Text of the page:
So I ate this and drank a beer.  Then we got the hell out of there.  I had to cleanse my brain by listening to Ronnie Milsap.

Still, they had some interesting food selections. I’ve seen better street food fiestas, though. Maybe we’ll have better luck at the next one in Tübingen in a couple of weeks.


My favorite part of the day was the dog swim.  I wish I had brought my dogs and my bathing suit.  Maybe they wouldn’t have gotten in the water, but I would have.  It was a great day for it.  And it was fun watching all the dogs playing.  If we were going to be here longer, I think we’d definitely check out Teufelwerk, although maybe we’re too old for it.

I’m sure Nagold isn’t the only town basking in the last days of summer.  If you’re new to the area, I encourage you to seek out events in your town.  There’s always something going on in Germany.  Dive in and enjoy the culture!  Create some memories!  As for me, I’m making a few more before we move to a new German town and make new memories on the Rhein.

Big news on a little move… old favorite restaurants for old time’s sake…


Our very first lunch at Osteria da Gino in Nagold…  and another visit to see “The Mad Scientist”.

It’s been a big week here in Unterjettingen.  The biggest thing that has happened is that my husband was unofficially offered a new position in Wiesbaden.  That means that unless something really crazy happens, we will be packing up and moving about 100 miles north in a couple of months.

I have mixed feelings about the move.  First off, I HATE moving with a fiery passion.  We’ve done it many times over our sixteen years of marriage and, now that Bill is retired, it’s been nice to stay in one place for awhile.  As of this month, we’ve lived in our current house for four years, and the Stuttgart area for a total of six years.  That is the longest we have ever lived in one place.  I like the area where we live.  It’s far from the drama of the city and being close to the military posts, yet close to a lot of great places in the Black Forest.  We’re also near several really cute towns.  Nagold happens to be my favorite of all of them and it’s the closest to Unterjettingen.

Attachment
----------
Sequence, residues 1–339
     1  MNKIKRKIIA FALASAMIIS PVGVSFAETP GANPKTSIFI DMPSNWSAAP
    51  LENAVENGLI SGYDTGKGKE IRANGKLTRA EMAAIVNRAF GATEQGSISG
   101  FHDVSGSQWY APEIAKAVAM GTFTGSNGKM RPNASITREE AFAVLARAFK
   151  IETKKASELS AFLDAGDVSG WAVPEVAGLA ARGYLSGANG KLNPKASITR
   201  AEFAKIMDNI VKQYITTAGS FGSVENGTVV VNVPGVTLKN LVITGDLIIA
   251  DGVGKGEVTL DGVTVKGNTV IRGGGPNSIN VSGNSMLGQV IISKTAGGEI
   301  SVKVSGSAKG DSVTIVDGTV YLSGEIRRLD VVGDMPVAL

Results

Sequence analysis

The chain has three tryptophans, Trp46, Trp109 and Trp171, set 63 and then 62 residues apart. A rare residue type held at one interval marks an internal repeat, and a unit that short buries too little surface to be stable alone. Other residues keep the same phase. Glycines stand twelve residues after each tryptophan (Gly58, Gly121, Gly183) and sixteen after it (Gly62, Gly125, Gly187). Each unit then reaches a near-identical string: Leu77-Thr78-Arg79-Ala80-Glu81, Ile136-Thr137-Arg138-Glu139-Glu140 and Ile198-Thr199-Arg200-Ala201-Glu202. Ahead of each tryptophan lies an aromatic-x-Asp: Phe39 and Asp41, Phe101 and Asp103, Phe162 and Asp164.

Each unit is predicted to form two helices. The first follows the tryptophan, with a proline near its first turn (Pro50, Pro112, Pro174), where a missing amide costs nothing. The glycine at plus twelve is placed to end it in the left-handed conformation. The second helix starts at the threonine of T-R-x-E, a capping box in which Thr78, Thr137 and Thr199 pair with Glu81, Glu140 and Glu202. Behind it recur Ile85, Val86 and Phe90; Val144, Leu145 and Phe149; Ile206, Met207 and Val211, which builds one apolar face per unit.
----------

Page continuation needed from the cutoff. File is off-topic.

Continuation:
On the other hand, I look forward to new experiences, new scenery, and a newer toilet that doesn’t take multiple flushes to empty.  I look forward to a much larger kitchen with a real refrigerator instead of a dorm sized one.  I can’t wait for my husband not to have to take marathon flights to Africa for business trips.  There’s even the attractive prospect of my getting to join him on some of his journeys.

Most of all, I am grateful that Bill is going to remain employed in a country I’ve come to love.  I have a feeling we will enjoy the Wiesbaden area as much as we’ve loved having lived in Stuttgart for two stints.  I also think there’s a good possibility that we’ll come back to Stuttgart, mainly because of what Bill does.  It could be as soon as two years from now.  On the other hand, there’s no telling what might happen in two years.

Anyway… since we know we’re probably going to be out of here by December, we decided to visit a couple of our favorite restaurants.  Hopefully, we haven’t visited them for the last time, but I did want to make sure we got at least one more visit in with each.  Both Agais in Entringen and Osteria da Gino in Nagold are special haunts for us, mainly because we’ve always managed to have a great time there.  The proprietors of both restaurants are excellent hosts and have given us a lot of great memories.  I thought today, I’d write up our latest experiences at both places, even though I’ve written about them several times already.  Here goes…

Agais on a Friday night

Agais in Entringen has the distinction of being the one restaurant still in business where Bill and I used to dine frequently during our first tour.  From 2007-09, we lived in a little town called Pfäffingen, which is in Ammerbuch.  Two kilometers from our old town is a little hamlet called Entringen.  We used to pass through Entringen to get to and from A81.  On the main drag is a Greek restaurant called Agais.

When we lived in Germany the first time, we used to eat at Agais all the time.  The owner is a very friendly Greek man who worked in Canada for many years as an engineer.  When we were here the first time, he spoke perfect English.  I think while we were gone, he must have had a stroke, because his ability to speak English diminished significantly.  Nevertheless, when we visited him again in 2014 after having been gone for five years, he still remembered us.  His English has come back somewhat over the past few years.

Last night, we decided to pay him a visit, mainly because neither of us felt like cooking.  Agais is now probably about a twenty minute drive from where we live, but the weather was nice…

I got a kick out of this sign reminding people to use condoms.  Such a quaint old building for such an important PSA…  I see there are several versions of this, including one for gay men.